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Ballistic gelatin test results : 9x19mm Cor-Bon DPX and FMJ

Discussion in 'Handguns: Autoloaders' started by Brass Fetcher, Apr 10, 2007.

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  1. Brass Fetcher

    Brass Fetcher Member

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    Cartridge : 115gr Cor-Bon DPX and Winchester 115gr FMJ

    Firearm : 4.0" barrel, recoil-operated semiautomatic

    Block calibration : 10.4cm @ 573 ft/sec

    Shot 1 - Cor-Bon 115gr DPX. Impacted at 1153 ft/sec. Penetrated to 14.5" (corrected) and expanded to 0.538" average diameter.

    Shot 2 - Winchester 'White Box' 115gr FMJ. Impacted at 1172 ft/sec. Penetrated nose-forward to 5.9", at which point the bullet tumbled. This yawing continued on until 13.6", where the bullet apparently righted itself and turned nose forward for the remainder of the travel through the gelatin block (16.0" total travel distance through gelatin). Bullet was recovered undeformed at 0.354" diameter.
    [​IMG]
     

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  2. daysleeprx

    daysleeprx Member

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    Interesting result with the FMJ!
     
  3. loplop

    loplop Member

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    Good performance for the DPX.

    The FMJ tumbled, very interesting. Any idea why it tumbled, John?
     
  4. dispatch55126

    dispatch55126 Member

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    Its most likely caused by the differant densities in the gel.
     
  5. Brass Fetcher

    Brass Fetcher Member

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    I would have to say it was due to the instability of the bullet. My understanding is : the faster the twist of the rifling (the bullets rotating speed), the less likely the bullet is to turn end-over-end (bullet is more stabilized). Despite being stabilized by the rifling, the bullet is still 'wobbling' slightly about its center line. While this may result in a slight inaccuracy in a bullet traveling through the air, the density of gelatin (which is mostly water) is far greater than air... some 700 times greater - so any wobbling is magnified by the gelatin.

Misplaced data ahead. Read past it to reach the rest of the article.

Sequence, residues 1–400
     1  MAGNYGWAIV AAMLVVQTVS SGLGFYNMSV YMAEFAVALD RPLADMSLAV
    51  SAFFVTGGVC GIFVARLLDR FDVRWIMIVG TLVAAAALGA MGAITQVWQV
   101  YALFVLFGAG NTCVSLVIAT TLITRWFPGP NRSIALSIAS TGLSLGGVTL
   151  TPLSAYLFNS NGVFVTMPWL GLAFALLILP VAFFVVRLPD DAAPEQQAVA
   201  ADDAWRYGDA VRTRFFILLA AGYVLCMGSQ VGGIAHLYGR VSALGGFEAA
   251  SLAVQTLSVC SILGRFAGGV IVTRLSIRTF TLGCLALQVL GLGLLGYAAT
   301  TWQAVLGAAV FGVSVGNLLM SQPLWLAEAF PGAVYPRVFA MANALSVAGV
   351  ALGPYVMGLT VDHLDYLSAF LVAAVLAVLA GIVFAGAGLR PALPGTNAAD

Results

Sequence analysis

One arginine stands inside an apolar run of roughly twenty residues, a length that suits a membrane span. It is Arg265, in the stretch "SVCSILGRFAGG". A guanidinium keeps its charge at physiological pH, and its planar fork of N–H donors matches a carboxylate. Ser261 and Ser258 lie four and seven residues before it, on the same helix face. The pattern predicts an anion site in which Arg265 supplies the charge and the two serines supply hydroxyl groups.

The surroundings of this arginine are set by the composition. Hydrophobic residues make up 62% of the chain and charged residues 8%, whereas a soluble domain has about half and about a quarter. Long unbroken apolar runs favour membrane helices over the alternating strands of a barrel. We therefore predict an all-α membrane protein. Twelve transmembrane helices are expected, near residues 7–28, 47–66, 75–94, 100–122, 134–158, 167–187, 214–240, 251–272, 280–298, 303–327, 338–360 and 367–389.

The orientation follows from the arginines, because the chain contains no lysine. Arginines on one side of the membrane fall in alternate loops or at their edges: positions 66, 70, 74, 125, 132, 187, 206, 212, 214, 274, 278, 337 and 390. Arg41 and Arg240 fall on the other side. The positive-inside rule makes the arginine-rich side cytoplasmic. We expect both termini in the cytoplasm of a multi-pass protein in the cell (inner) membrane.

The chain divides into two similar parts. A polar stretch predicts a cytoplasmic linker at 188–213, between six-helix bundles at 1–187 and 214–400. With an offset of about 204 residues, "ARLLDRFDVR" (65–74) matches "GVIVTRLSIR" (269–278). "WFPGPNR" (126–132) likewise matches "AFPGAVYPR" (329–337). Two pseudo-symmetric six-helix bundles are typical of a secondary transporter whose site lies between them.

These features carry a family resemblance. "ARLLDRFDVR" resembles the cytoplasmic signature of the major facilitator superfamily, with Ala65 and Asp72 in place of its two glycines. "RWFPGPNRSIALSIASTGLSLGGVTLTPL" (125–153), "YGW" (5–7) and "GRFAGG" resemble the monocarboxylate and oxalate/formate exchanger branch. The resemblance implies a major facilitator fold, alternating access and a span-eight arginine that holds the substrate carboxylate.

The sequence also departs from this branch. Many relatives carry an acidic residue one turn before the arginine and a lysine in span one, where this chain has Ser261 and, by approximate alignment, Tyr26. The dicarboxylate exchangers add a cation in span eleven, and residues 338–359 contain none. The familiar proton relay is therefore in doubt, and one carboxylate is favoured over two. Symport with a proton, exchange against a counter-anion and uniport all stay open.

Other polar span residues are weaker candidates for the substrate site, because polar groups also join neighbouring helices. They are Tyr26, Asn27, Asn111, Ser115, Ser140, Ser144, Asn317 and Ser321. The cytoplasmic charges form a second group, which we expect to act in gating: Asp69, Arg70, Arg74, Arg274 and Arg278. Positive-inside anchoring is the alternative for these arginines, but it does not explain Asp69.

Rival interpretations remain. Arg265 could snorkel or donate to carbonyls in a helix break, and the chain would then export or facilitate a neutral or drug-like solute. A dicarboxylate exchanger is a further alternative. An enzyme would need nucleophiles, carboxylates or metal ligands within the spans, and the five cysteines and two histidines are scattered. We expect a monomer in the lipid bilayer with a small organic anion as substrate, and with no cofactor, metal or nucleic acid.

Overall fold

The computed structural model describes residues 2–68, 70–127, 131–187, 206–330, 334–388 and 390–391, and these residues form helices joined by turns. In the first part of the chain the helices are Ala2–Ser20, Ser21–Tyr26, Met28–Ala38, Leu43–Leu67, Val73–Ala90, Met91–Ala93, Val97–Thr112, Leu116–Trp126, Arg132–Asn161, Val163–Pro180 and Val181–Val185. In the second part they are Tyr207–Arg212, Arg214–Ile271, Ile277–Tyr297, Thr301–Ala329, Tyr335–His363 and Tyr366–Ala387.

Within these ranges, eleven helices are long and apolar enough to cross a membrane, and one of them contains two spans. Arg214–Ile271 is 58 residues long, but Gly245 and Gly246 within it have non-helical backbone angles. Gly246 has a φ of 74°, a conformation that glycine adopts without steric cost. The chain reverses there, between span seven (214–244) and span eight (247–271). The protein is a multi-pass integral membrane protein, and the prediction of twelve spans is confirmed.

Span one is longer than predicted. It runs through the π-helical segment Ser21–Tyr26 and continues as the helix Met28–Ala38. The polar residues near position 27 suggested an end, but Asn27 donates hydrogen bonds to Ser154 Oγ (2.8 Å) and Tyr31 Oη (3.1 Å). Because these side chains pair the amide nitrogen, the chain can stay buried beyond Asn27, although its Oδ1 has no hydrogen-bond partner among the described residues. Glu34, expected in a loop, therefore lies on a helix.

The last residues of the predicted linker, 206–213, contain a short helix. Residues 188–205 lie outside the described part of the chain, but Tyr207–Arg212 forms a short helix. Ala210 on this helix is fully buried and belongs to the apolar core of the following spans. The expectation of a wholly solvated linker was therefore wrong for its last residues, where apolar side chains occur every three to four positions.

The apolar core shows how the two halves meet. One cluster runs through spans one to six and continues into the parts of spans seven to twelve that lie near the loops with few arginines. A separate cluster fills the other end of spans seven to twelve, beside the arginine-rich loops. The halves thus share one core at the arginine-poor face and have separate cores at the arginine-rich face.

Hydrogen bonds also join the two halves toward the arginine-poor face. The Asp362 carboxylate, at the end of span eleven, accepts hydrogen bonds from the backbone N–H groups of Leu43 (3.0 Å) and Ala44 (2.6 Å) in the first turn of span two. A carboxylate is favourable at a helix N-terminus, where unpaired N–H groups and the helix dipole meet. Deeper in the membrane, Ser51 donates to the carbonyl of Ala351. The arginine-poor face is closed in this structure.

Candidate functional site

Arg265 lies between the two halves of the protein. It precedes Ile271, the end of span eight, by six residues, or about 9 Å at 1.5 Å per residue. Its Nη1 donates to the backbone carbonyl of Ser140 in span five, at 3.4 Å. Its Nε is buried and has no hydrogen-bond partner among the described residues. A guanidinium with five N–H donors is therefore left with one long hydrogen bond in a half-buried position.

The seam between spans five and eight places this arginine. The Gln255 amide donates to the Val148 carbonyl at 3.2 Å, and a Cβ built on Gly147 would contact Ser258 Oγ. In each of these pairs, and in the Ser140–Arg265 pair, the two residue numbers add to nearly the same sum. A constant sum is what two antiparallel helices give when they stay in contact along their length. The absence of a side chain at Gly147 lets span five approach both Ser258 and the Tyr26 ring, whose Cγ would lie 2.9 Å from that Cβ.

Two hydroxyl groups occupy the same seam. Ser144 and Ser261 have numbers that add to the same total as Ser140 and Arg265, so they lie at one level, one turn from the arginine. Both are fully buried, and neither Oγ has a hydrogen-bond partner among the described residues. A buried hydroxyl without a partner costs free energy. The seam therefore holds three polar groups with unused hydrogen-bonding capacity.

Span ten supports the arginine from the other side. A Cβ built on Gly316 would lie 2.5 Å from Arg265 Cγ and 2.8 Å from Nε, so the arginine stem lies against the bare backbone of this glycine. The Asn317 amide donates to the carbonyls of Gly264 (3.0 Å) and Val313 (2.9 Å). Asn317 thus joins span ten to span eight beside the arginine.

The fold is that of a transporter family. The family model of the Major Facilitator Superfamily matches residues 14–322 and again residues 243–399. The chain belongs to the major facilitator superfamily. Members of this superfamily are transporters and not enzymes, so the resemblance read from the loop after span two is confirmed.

Once the bullet nose is sufficiently tipped, the pressure of the fluid on the moving bullet then pushes the nose further down/up/sideways and causes the bullet to rotate about its centerline in that axis.

    This tumbling must be strongly affected by bullet velocity - I've not seen this happen with most 22lrs, all 25acp, 32 and 380ACP. Everything else seems to have tumbled significantly.
     
  6. loplop

    loplop Member

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    Very interesting. I did not know that anything outside of rifle FMJ would tumble.
     
  7. dispatch55126

    dispatch55126 Member

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    Just as you said, it deals with the density of the media. Take the gel and push a pin through it. Now do the same thing with a pencil. The larger the object, the more media it has to push out of the way. That in turns can/does cause material to pile up somewhere on the nose which pushes it the opposite direction, ie. flip.
     
  8. dispatch55126

    dispatch55126 Member

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    A rifle bullet is basically the same thing. However, in the case of the 5.45, the long slender bullet becomes unstable when passing though anything denser that air causing it to nose in smoe direction and tumble.
     
  9. Brass Fetcher

    Brass Fetcher Member

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    Well, I posted this in a AK74 thread, but it should fit here pretty well too. The name I was looking for is 'aerodynamic moment' - the bullet goes through minute 'wobbling' about its axis of travel and this is magnified when the bullet hits gelatin or BG due to the greater density of the fluid.

    http://www.nennstiel-ruprecht.de/bullfly/fomo.htm#header_forcesmoments
     
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